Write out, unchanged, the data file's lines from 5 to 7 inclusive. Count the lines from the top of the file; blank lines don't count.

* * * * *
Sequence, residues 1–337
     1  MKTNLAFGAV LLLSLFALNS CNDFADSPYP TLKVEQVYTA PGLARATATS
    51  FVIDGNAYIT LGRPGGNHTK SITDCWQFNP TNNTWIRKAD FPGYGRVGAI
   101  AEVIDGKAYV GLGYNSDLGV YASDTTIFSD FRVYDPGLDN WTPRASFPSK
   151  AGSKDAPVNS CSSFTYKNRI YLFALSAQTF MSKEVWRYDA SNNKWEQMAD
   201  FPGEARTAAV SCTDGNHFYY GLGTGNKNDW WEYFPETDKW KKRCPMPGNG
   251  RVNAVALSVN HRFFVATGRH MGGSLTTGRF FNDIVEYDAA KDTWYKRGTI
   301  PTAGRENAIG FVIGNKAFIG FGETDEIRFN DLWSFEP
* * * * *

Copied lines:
   151  AGSKDAPVNS CSSFTYKNRI YLFALSAQTF MSKEVWRYDA SNNKWEQMAD
   201  FPGEARTAAV SCTDGNHFYY GLGTGNKNDW WEYFPETDKW KKRCPMPGNG
   251  RVNAVALSVN HRFFVATGRH MGGSLTTGRF FNDIVEYDAA KDTWYKRGTI